Pacific Stars & Stripes,
March 3, 1953
With the U.S. 1st Marine Air
Wing, Mar. 6- A mother, a brother, a letter, and a hometown were combined
by Sgt. James F. Stanley, Norwich, Conn., to garner nearly 10 tons
of clothes for needy South Koreans.
It all began when Stanley visited one of the four
orphanages the group supports. He noticed that some of the 400 orphans
were in need of clothes. He returned to his base and wrote a letter
describing the orphans to his mother.
The letter was passed to his brother, Bill, a
Marine sergeant stationed at a Marine guard detachment at the New
London, Conn., submarine base, and things began to happen.
BILL ASKED his mother to arrange for him to speak
at a PTA meeting. At the meeting, he read his brother's letter. The
Norwich daily newspaper printed the speech and the letter the following
The PTA was fast to act. It immediately began
a drive and appointed Stanley's mother as honorary chairman. The chamber
of commerce held an open meeting at which representatives of the Marine
Corps, Boy Scouts, American Legion, Veterans of Foreign Wars, Girl
Scouts, and the Army offered the services of their organizations to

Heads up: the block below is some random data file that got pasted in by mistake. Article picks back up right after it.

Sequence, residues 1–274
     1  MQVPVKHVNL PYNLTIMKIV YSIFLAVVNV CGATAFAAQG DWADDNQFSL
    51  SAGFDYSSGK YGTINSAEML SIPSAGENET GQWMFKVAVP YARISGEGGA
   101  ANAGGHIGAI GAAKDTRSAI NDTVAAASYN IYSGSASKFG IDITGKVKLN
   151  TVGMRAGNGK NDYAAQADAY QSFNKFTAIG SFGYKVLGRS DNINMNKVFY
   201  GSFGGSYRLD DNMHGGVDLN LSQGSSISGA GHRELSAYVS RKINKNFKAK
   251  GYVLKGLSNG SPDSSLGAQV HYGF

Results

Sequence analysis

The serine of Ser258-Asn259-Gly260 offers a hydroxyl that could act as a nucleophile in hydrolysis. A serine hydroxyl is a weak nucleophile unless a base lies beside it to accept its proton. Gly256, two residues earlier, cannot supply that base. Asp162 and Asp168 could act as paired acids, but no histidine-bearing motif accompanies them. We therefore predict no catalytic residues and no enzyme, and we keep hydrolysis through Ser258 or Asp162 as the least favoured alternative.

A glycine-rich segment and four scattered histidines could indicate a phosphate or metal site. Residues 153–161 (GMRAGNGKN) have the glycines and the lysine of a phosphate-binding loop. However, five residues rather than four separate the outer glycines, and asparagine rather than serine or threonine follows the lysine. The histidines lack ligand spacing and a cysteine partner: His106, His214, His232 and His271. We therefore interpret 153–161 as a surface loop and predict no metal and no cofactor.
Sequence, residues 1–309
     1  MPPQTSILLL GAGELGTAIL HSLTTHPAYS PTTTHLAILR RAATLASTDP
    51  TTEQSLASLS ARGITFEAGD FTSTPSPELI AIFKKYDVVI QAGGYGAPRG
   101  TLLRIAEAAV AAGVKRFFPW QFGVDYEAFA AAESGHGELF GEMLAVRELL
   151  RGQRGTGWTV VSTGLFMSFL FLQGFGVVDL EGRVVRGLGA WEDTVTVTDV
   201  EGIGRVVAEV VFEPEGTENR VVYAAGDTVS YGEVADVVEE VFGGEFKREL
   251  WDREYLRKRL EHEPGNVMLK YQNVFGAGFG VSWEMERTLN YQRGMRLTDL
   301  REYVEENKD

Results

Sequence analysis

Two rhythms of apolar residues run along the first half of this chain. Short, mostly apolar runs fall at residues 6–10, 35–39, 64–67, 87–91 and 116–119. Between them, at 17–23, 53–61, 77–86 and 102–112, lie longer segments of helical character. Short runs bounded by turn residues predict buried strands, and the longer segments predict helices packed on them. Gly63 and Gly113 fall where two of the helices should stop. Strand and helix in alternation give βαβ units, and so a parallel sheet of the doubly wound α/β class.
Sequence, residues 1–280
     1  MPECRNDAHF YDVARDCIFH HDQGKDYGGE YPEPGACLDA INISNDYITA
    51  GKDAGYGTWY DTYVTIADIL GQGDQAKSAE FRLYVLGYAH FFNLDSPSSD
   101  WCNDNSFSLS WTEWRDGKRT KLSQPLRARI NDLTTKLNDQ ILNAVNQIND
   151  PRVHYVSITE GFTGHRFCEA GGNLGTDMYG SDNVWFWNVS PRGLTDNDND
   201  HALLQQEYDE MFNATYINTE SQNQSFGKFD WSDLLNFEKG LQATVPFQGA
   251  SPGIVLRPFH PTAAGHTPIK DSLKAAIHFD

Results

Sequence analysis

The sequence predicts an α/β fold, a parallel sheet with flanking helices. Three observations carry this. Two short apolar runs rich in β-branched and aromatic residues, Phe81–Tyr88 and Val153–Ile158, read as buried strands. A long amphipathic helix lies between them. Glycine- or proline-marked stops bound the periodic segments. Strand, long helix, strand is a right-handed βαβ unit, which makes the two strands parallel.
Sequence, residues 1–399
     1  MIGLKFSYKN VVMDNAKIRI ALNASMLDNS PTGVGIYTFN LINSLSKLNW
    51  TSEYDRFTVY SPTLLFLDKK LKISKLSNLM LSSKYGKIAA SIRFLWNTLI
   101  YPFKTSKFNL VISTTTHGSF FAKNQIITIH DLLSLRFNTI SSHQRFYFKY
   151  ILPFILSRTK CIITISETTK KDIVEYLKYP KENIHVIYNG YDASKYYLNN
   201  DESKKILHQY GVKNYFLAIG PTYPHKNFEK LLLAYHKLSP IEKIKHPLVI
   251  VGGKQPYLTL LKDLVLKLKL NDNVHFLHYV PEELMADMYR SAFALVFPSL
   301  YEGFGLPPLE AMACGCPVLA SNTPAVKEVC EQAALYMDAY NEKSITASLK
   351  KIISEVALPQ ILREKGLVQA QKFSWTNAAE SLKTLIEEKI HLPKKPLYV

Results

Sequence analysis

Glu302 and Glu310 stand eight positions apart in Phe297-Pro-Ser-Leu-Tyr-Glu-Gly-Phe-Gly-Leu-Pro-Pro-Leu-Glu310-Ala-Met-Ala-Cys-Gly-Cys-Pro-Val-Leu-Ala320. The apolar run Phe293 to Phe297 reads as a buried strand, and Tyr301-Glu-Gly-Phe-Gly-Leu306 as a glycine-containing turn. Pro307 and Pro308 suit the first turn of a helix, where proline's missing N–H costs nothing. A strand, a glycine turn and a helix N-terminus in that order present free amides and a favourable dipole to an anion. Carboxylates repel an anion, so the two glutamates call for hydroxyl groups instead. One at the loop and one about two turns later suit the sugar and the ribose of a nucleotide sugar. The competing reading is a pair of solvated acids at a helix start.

make the drive a success.
Despite a wet snow and darkened skies, trucks
manned by Marines from the submarine base and soldiers from Battery
A, 745th Gun battalion, drove through Norwich and the adjoining towns
of Taftville, Occum, and Yantic. Citizens who had heard of the drive
by way of radio, newspapers, and word of mouth were ready.
Some trucks made as many as three visits to the
same area because of the large number of items donated. When a truck
was loaded it would drive to the state armory to unload and go back
for more. While the trucks were cruising through the city's streets
some 200 volunteers sorted the clothing that had already been collected.
After it was sorted, it was taken to the New London
submarine base to await shipment to Marine Air Group 12.